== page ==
My problem with this is that Paul’s definition of “strong” is based upon an absolute. He knows absolutely that all food is clean, but leaves room for those weak in conscience. In regard to observation of days, which he deals with in a more egalitarian manner, he doesn’t label anyone as weak or strong–they are just different, and as long as what they are doing is done “unto the Lord” they are fine.

    In my opinion, Challies is muddying the waters in trying to hold equally to weak, strong, and egalitarian issue. I do not see Paul doing any such thing. This is why my primary concern here is not necessarily with school choices, but with interpretation of passages.

    Dealing with Tradition
    The tag line for Challies is “Informing the Reforming.” Well, that’s fine and well, but even I, as someone born and raised outside of the Reformed tradition, know that the Reformed church has a long history of promoting a Christian education for Christian children, as well as holding up a Christian education for all children. His assertion that education is morally neutral sounds much more in keeping with the Dispensational tradition {ask me how I know}.

    One of Martin Luther’s first items of business was to turn monasteries into schools for children. All of the reformers–from Luther, to Zwingli, to Bucer, to Calvin, etcetera–believed in the power of education to direct children to God. The original Reformers would never have accepted the idea that education is a morally neutral issue.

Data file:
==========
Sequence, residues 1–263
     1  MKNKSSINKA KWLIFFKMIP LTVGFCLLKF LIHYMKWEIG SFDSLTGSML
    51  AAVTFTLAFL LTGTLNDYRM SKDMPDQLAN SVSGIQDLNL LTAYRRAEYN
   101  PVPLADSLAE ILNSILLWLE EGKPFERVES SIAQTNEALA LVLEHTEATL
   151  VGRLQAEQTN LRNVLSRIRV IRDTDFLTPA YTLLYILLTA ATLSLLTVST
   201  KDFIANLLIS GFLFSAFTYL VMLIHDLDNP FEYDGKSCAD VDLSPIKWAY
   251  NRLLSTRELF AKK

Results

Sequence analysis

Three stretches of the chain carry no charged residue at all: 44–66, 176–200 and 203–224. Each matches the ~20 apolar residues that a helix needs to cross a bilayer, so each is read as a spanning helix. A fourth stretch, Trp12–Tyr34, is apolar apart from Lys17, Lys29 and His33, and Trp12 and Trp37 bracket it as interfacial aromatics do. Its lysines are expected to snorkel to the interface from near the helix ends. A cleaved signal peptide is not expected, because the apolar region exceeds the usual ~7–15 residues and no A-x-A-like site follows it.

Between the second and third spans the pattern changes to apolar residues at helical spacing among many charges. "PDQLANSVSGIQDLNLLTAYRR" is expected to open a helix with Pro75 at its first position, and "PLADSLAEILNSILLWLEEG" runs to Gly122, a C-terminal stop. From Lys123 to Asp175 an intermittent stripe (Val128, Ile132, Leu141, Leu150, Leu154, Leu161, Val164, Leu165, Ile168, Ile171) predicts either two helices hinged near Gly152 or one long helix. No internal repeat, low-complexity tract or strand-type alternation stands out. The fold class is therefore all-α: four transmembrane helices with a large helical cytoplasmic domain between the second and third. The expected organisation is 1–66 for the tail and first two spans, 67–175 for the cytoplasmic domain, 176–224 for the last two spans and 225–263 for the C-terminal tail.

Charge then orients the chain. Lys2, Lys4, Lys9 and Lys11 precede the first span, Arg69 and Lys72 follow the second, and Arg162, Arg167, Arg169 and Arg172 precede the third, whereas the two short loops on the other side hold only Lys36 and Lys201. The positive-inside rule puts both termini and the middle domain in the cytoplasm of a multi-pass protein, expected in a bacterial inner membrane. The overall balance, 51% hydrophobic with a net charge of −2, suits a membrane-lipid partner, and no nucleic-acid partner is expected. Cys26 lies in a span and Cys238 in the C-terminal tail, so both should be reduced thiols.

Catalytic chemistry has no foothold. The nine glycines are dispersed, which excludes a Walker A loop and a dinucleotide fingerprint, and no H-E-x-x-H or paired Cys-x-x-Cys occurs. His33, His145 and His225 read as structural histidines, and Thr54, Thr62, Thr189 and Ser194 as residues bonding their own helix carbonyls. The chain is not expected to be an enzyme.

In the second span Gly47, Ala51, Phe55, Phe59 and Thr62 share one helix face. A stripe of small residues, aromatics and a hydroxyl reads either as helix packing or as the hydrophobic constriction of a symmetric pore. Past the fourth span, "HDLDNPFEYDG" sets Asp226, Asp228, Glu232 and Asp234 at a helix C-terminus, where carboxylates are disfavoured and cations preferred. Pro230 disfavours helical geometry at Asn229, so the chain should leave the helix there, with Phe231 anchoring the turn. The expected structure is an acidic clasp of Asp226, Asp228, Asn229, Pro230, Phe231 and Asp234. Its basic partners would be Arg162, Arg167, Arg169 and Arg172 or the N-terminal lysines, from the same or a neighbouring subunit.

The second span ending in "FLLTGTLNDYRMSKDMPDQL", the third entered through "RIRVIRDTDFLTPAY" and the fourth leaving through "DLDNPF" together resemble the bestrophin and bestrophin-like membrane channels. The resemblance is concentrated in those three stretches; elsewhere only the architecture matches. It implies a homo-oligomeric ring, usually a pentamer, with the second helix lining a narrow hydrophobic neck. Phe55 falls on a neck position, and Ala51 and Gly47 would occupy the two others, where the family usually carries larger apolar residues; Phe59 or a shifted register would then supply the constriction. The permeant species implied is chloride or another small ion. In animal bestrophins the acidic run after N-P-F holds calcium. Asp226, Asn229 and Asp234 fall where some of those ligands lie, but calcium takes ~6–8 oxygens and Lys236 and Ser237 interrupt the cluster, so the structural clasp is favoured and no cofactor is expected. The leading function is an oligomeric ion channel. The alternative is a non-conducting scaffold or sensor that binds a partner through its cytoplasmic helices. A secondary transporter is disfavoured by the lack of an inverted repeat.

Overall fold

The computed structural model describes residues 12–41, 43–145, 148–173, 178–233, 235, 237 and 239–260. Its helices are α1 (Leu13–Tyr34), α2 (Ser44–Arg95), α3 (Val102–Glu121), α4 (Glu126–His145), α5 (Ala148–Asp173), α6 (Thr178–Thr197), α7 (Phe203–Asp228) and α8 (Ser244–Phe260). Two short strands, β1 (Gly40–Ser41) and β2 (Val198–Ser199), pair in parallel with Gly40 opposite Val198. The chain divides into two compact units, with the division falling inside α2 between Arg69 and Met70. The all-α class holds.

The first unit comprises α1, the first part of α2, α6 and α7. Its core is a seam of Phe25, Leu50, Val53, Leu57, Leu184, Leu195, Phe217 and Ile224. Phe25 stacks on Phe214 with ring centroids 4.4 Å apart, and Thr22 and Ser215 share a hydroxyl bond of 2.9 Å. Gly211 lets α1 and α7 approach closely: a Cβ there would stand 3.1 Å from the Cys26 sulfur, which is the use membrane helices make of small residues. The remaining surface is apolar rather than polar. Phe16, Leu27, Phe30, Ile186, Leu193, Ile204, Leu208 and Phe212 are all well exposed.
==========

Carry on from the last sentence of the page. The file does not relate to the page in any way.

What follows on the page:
Later down the road we see men, such as Comenius, who carry on in this vein, working towards a Christian education for children.

    The idea that education is “morally neutral” is a result of John Dewey, one of the fathers of pragmatism, who, in applying Darwinism to the classroom, believed that education was totally and completely practical in its ends. It was Dewey who eliminated the spiritual nature of the classroom and recreated it to serve the practical ends of a changing society.

    If Challies has evidence that Dewey’s “morally netural” classroom was actually more in line with Scripture than the Reformers {not to mention the history of the Catholic and Orthodox churches}, I’d love to find out about that.

    I personally have been in all three camps. Growing up, I thought homeschoolers were a bunch of crazies, and if you would have told me I’d be a homeschool mom someday, I’d have laughed at you! Like most pendulum swings, when we decided we were going to homeschool, we just knew homeschooling was the ideal.